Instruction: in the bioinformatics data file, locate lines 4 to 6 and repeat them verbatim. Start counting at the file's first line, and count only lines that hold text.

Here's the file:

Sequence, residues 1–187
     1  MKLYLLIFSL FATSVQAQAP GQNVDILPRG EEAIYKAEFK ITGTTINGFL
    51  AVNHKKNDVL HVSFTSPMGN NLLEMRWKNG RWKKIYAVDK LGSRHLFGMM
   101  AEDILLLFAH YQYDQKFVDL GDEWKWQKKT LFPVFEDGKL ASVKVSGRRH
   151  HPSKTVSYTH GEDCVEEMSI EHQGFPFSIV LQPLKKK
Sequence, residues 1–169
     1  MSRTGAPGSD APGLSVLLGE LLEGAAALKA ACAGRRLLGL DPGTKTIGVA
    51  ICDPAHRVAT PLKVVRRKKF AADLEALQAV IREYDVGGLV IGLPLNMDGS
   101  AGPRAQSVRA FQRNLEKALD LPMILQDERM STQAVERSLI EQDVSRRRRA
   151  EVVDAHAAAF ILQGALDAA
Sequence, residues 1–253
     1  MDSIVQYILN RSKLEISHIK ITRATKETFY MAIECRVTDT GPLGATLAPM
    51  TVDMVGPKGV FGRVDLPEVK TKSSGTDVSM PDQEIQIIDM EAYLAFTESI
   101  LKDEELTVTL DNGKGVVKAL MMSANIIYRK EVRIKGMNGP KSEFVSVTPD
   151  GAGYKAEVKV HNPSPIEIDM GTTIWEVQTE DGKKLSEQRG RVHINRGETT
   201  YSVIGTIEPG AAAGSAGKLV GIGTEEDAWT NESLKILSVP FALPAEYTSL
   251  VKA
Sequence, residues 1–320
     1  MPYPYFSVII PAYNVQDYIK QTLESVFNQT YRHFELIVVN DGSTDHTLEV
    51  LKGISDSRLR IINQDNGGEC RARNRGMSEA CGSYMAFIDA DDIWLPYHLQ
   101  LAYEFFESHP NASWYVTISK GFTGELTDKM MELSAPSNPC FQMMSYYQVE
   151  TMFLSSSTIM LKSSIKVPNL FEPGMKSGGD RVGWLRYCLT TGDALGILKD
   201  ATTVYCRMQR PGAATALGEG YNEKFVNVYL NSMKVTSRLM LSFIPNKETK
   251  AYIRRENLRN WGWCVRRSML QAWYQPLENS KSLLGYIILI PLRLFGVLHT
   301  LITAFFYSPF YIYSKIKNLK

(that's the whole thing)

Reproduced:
   101  AEDILLLFAH YQYDQKFVDL GDEWKWQKKT LFPVFEDGKL ASVKVSGRRH
   151  HPSKTVSYTH GEDCVEEMSI EHQGFPFSIV LQPLKKK
Sequence, residues 1–169